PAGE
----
Since earning a thirty day ban from Facebook yesterday because of the horror of posting pictures of sexy men in their underwear, I’ve decided to make lemons from this lemonade and start exploring other options of social media. Obviously, Facebook is one of the bigger ones; but I also am on Twitter, Instagram and Tumblr; so why NOT explore those options and expand my following on those sites? So, thank you, fascist homophobic sexist Nazis at Facebook; you’re making me do something I wouldn’t ordinarily do, and at the same time, you might even be rendering yourself obsolete in the world of one Gregalicious.
Well done there, Facebook. Seriously.
Although these other social media platforms are…a little confusing.
As I said, my great experience over the weekend doing panels at Comic Con has kind of invigorated me; I am getting back down to serious writing again, and my creativity is raging out of control. I think that part of it has to do with keeping a physical journal again; I can’t believe how much of a difference it is making having it with me at all times, and I certainly can’t believe I stopped carrying one with me at all times. I don’t even remember when it was that I did stop carrying one, to be honest. I was talking to another writer this weekend–Bryan Camp, whose debut novel The City of Lost Fortunes will be out this April, and I read an early draft, which was fantastic; I can only imagine how good it is now–and was talking about how much the business had changed, and how quickly it happened. I sort of knew what I was doing the first few years, and then came the Time of Troubles, which derailed me for several years…and when I really got my head back in the game, everything about the business had changed. There were ebooks and bookstores and newspapers were disappearing; magazines that used to review were gone or on their way out the door, Insightoutbooks was phasing out…it seemed like every time I was trying to adapt to something new something else changed, or the new thing was no longer a thing, and social media had become to go-to for marketing; although now it was being called branding. I’m still not completely comfortable with that term; I don’t like thinking of my books as product or of myself as something akin to Tide and Coca-Cola and Folger’s. But I suppose it does make sense from a business perspective; publishing is a business, and the idea is to move units, just like liters of milk and loaves of bread and cans of creamed corn.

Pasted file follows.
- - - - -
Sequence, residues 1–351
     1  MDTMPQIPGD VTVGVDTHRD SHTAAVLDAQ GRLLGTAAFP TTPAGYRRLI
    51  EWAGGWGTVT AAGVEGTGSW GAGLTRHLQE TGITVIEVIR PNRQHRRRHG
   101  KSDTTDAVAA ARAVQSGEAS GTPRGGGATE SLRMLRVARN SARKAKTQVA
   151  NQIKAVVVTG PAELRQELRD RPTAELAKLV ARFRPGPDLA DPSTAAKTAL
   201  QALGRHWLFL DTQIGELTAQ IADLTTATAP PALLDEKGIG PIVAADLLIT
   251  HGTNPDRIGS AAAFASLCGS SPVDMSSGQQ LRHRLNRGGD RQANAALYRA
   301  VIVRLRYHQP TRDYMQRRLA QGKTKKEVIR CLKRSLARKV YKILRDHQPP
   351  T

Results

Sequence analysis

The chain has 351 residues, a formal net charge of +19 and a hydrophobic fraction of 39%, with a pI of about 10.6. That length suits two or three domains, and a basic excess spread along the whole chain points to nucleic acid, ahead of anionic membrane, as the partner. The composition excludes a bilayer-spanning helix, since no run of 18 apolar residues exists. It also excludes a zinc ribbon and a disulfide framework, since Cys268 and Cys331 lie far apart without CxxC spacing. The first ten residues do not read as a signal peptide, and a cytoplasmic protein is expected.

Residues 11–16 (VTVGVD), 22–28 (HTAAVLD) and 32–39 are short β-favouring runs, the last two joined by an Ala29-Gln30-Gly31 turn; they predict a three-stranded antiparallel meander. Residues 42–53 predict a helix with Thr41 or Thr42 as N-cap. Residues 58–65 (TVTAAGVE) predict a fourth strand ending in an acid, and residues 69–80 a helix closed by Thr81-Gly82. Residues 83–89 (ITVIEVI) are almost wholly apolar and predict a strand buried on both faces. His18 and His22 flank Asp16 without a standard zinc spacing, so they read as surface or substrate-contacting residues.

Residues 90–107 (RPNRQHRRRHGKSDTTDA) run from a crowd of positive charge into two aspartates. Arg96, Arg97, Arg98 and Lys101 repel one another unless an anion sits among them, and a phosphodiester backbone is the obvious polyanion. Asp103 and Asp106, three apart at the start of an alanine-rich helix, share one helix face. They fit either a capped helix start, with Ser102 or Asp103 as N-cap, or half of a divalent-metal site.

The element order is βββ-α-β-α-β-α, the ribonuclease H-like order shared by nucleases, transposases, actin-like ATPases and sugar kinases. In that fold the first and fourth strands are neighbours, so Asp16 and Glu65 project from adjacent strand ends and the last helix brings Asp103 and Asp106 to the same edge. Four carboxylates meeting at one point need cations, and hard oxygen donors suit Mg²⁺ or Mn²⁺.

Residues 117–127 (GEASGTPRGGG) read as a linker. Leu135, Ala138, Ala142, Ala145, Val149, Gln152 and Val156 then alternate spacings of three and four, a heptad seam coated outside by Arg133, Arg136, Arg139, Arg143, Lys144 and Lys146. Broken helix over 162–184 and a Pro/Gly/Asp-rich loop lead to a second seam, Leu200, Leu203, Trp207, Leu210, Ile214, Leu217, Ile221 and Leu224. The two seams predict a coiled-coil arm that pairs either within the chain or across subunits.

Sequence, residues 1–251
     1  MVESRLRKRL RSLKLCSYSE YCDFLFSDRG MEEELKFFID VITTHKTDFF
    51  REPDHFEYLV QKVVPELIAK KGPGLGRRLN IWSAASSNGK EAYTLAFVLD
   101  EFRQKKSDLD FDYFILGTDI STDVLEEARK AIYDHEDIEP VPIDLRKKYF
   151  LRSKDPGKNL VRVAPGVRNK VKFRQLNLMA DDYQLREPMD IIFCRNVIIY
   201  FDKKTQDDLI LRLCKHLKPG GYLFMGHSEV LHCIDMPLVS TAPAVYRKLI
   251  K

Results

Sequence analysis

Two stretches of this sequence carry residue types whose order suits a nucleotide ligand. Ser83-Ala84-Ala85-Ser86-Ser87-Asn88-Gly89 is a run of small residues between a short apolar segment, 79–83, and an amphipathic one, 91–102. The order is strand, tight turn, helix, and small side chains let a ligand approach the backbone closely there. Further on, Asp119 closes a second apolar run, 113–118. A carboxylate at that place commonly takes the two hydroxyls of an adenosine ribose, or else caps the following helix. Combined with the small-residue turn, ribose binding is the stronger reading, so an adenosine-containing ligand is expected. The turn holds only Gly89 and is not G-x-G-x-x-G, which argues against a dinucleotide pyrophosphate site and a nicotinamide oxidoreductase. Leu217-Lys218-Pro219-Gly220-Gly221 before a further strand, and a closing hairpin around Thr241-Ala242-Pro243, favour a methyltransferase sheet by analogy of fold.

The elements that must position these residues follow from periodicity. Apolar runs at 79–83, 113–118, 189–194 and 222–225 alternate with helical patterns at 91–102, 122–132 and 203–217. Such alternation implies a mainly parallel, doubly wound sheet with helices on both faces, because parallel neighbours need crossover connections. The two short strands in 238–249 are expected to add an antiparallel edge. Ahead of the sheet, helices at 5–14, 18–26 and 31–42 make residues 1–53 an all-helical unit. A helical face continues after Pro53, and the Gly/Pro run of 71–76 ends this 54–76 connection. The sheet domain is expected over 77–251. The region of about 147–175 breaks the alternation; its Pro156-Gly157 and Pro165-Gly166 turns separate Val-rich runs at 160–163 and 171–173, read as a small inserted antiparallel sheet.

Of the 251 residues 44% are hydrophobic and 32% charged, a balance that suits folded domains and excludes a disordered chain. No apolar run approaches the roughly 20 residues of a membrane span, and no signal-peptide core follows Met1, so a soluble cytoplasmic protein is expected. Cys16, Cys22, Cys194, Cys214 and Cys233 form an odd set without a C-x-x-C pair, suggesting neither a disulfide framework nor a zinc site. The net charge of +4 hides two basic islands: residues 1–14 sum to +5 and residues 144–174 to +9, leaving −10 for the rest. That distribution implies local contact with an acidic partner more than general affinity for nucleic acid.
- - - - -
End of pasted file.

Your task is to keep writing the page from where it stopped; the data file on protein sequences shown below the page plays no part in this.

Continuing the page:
But that doesn’t mean I have to like it, does it? Sigh.
Yesterday I read a short story by Truman Capote, from Breakfast at Tiffany’s and Four Other Stories. It was called “A Diamond Guitar.”
The nearest town to the prison farm is twenty miles away. Many forests of pine trees stand between the farm and the town, and it is in these forests that the convicts work; they tap for turpentine. The prison itself is in a forest. You will find it there at the end of a red rutted road, barbed wire sprawling like a vine over its walls. Inside, there live one hundred and nine white men, ninety-seven Negroes, and one Chinese. There are two sleep houses–great green wooden buildings with tarpaper roofs. The white men occupy one, the Negroes and the Chinese the other. In each sleep house there is one large pot-bellied stove, but the winters are cold here, and at night with the pines waving frostily and a freezing light falling from the moon the men, stretched on their iron cots, lie awake with the fire colors of the stove playing in their eyes.
Truman Capote’s In Cold Blood is one of my favorite books, and it’s partly because he is so poetic, so charming, a writer in his word choices and the way he describes things. It always cracks me up when people tell me they love Breakfast At Tiffany’s because it’s clear they’re talking about the movie and not the Capote novella it was loosely based on; the novella is actually really dark and sad, as most of Capote’s work is; even if he didn’t always write about the south, he was very much of the Southern Gothic school of writers. In the novella Holly is basically an escort who’s looking for a sugar daddy–and so is her neighbor, the guy telling the story; he’s not George Peppard and he doesn’t fall in love with her because he’s gay, escorting and also looking for a sugar daddy; they bond in friendship over that similarity.
This story, “A Diamond Guitar,” is short and very poetically written; many Southern prisons are referred to as ‘farms’ and the prisoners work with the money from the sweat of their labor going to the prison (and usually siphoned off by someone). The story is about a convicted murderer, known in the story only as Mr. Schaeffer, and it tells the story of the only friend Mr. Schaeffer ever had in the prison, a beautiful young Cuban boy named Tico Feo. Tico brings the diamond studded guitar into the prison with him; the two men become friends–but not lovers; Capote is very clear that they are close as lovers but there is nothing physical between them; and finally Tico decides he wants to escape and he wants his friend to come with him. Tico does manage to escape, but Schaeffer does not; he trips and breaks his ankle and is left behind–it’s never clear whether this accident was actually deliberate or not, but it’s clear Schaeffer doesn’t really want to escape. But without hid only friend, Schaeffer closes himself off from everyone else in the prison, and under his cot he keeps the diamond guitar. The diamonds, of course, are just glass; just like Tico, everything about the guitar is phony.
It’s a really lovely little story.
And now, back to the spice mines.